27 Matching Annotations
  1. Dec 2022
  2. Jul 2022
    1. Published in 2010, Rebecca Skloot’s book The Immortal Life of Henrietta Lacks, offers a three-fold story.  It is the story of the development of the first immortal human cell line (called HeLa) and the scientific advances facilitated thereby. It is also the story of the African American woman from whom the cell line came: Henrietta Lacks was the great-great granddaughter of slaves, who grew up in extreme poverty in Virginia in the 1920s and who died of an aggressive cervical cancer in 1951 in the ward for “colored people” at Johns Hopkins Hospital. Finally, it is the story of her family members, who had no idea about the existence, importance and the financial gains made from HeLa cells until Skloot began her research.   This book sparked more than just an HBO film by the same name starring Oprah Winfrey, it also sparked an attempt at broad policy change in the U.S. regarding consent procedures for human tissue research. Currently, the regulations on research with human subjects issued by the Department of Health and Human Services (HHS) mandate informed consent for the use of biospecimens in research when those specimens are taken specifically for the purpose of research. However, no informed consent for research use is required for tissue samples taken in the course of clinical practice. In 2015, HHS proposed a rule change to give patients much greater control over the use of their biospecimens in research. Yet this effort failed due to backlash from the scientific community.   In this paper, I shall address some of the major arguments against such regulatory changes. For instance, Chadwick & Berg stress a duty to participate in research for the benefit of others; Knoppers & Chadwick further criticize the emphasis on individualism and autonomy over the value of solidarity in contemporary research ethics and policy. My aim is to counter these arguments and to support the proposed regulatory changes in the U.S. regarding tissue research. I hope to highlight important contemporary lessons we have yet to fully appreciate from the case of Henrietta Lacks.

      Skloot sparks interest in HeLa cells.

  3. Mar 2022
    1. Eric Topol. (2022, February 28). A multimodal #AI study of ~54 million blood cells from Covid patients @YaleMedicine for predicting mortality risk highlights protective T cell role (not TH17), poor outcomes of granulocytes, monocytes, and has 83% accuracy https://nature.com/articles/s41587-021-01186-x @NatureBiotech @KrishnaswamyLab https://t.co/V32Kq0Q5ez [Tweet]. @EricTopol. https://twitter.com/EricTopol/status/1498373229097799680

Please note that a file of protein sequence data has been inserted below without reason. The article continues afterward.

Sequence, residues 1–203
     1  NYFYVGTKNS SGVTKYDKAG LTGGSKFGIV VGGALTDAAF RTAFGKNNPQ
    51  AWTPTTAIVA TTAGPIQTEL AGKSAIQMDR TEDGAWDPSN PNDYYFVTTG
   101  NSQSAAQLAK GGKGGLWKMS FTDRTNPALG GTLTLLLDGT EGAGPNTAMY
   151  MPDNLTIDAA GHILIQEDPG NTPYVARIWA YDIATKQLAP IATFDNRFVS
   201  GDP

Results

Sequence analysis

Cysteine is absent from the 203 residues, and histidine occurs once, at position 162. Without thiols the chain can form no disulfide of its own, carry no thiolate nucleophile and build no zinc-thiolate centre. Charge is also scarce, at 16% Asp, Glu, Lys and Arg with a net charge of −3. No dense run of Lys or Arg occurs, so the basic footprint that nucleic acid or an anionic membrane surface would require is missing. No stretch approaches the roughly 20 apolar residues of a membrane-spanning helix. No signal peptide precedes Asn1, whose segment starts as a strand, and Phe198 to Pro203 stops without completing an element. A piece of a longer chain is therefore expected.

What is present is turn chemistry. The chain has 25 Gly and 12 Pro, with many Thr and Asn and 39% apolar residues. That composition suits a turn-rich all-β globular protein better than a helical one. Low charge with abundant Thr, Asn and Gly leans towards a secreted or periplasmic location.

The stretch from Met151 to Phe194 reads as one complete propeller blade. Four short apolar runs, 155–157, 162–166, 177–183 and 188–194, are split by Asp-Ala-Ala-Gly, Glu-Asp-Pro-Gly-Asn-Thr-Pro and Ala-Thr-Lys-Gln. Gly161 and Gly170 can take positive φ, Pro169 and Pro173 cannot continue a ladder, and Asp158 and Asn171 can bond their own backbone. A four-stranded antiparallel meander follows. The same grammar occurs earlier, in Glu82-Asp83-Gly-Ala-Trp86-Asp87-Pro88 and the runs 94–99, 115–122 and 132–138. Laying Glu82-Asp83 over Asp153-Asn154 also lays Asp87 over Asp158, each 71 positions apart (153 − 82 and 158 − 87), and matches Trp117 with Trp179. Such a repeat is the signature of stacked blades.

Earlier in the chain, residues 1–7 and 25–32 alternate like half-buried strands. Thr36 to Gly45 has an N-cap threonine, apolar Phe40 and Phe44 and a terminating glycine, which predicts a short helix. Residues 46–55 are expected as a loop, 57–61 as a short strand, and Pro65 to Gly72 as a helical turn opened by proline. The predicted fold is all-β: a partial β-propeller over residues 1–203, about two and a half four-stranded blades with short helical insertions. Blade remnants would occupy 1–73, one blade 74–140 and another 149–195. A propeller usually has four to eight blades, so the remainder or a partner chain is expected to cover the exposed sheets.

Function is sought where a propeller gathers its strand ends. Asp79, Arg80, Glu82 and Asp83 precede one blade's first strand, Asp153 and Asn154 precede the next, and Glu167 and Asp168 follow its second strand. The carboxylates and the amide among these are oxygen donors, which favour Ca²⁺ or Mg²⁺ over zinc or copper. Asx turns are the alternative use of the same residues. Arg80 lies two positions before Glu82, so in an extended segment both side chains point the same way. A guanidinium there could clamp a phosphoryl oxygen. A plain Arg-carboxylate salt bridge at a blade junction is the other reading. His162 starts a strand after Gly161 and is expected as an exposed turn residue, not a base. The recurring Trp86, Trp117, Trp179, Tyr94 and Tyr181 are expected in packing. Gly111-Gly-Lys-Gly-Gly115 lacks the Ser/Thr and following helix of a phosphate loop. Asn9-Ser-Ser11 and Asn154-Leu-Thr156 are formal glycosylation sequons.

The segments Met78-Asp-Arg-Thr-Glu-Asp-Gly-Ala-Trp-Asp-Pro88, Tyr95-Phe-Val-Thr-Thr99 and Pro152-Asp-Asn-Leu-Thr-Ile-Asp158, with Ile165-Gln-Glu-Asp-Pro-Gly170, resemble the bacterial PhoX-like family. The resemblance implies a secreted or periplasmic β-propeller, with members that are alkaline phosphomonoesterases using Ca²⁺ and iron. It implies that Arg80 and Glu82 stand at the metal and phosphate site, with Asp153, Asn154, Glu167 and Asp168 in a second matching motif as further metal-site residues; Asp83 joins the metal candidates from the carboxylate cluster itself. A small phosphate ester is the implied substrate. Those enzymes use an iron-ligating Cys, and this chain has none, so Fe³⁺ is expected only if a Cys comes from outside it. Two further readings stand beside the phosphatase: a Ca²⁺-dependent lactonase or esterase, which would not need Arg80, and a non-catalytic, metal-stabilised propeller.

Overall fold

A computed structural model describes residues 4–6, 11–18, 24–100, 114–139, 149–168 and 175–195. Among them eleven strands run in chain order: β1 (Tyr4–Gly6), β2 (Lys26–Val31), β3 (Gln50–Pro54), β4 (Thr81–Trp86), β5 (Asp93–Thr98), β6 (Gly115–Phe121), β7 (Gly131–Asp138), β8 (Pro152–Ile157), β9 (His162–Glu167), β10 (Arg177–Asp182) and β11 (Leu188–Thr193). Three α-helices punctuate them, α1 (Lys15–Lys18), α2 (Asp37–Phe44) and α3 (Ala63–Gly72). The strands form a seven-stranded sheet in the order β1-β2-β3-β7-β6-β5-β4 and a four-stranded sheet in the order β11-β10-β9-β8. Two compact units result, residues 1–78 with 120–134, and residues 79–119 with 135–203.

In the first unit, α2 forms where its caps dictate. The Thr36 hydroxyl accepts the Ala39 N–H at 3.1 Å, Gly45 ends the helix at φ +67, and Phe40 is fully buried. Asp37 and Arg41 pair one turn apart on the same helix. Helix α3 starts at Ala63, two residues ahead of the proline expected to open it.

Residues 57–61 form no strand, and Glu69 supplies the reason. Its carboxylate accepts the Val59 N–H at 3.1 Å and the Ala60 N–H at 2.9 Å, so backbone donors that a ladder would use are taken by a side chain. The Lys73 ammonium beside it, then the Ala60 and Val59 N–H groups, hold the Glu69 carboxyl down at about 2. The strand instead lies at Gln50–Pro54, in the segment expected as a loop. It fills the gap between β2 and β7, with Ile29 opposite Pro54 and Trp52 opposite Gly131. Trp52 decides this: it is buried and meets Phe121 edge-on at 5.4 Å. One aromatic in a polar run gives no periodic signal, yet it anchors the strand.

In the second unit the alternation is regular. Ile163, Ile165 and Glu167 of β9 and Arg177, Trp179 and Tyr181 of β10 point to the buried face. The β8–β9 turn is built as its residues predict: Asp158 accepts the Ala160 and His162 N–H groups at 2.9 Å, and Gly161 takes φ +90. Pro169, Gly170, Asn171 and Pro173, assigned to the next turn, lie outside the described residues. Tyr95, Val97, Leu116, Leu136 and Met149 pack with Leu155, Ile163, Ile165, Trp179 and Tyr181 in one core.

4. Jan 2022
  5. Oct 2021
    1. Granted, how a natural entity can have interiority, i.e., subjectivity, is a hard problem, but if the question of integration and unification is not identical to the “Hard Problem of Consciousness” (Chalmers 1995) it is also inseparable from it and surely a presupposition of the very possibility of interiority. Nor would even an understanding of how subjectivity could be resident to a single cell tell us how consciousness could become an integrated unity across many cells. If we assume consciousness is a physically based phenomenon, and that it draws upon the activity of various parts of the brain, let alone constituent cells, then we must face our deficits in understanding how the experience of a unified consciousness is realized at the level of an integration of some cells but not others albeit in the absence of evident, non-arbitrary, physical boundaries.

      This is a very salient point. The experience of consciousness of a (multicellular) human being is the experience of a biological superorganism. While normativity may apply to the both single and multi-cellular beings by extension, we cannot infer from that alone that our experience of consciousness has an analog at the cellular level.

  6. Mar 2021
  7. Feb 2021
    1. When T-Cells are activated they release cytokines (yes, that cytokine), which trigger additional T-Cells to be made, which then release even more cytokines. One type of T-cells that are created are called cytotoxic T-cells. Cytotoxic T-cells are the cells that are able to roam the body and mercy kill infected cells who are chemically calling out to be killed and ideally to stop the increased production of viruses like COVID-19.
  8. Dec 2020
  9. Aug 2020
  10. Jun 2020
  11. Feb 2020
  12. Aug 2019
    1. the maintenance of the pluripotent state of animal stem cells requires hypoxic conditions, whereas higher oxygen tension promotes cell differentiation
  13. Feb 2019
  14. Oct 2018
  15. biopub.hypothes.is biopub.hypothes.is
    1. Global protein acetylation

      See for example "Lysine Acetylation Targets Protein Complexes and Co-Regulates Major Cellular Functions" by Chunaram Choudhary, Chanchal Kumar, Florian Gnad, Michael L. Nielsen, Michael Rehman, Tobias C. Walther, Jesper V. Olsen, Matthias Mann, Science, 14 Aug 2009, which demonstrates that "the regulatory scope of lysine acetylation is broad and comparable with that of other major posttranslational modifications".

    1. Passaged rBMSCs exhibited significantly greater proliferation rates at 1% O2 and 5% O2 than those at 18% O2 and the cells exposed to 1% O2 showed the highest proliferative potential, which was evidenced by the growth curves, colony-forming efficiencies, and CCK-8 absorbance values.
  16. Oct 2017
  17. Mar 2017
  18. Oct 2016
    1. Eventually cells stuck together to form creatures with many cells. Plants and animals came out of the sea onto land and became ever more complex and aware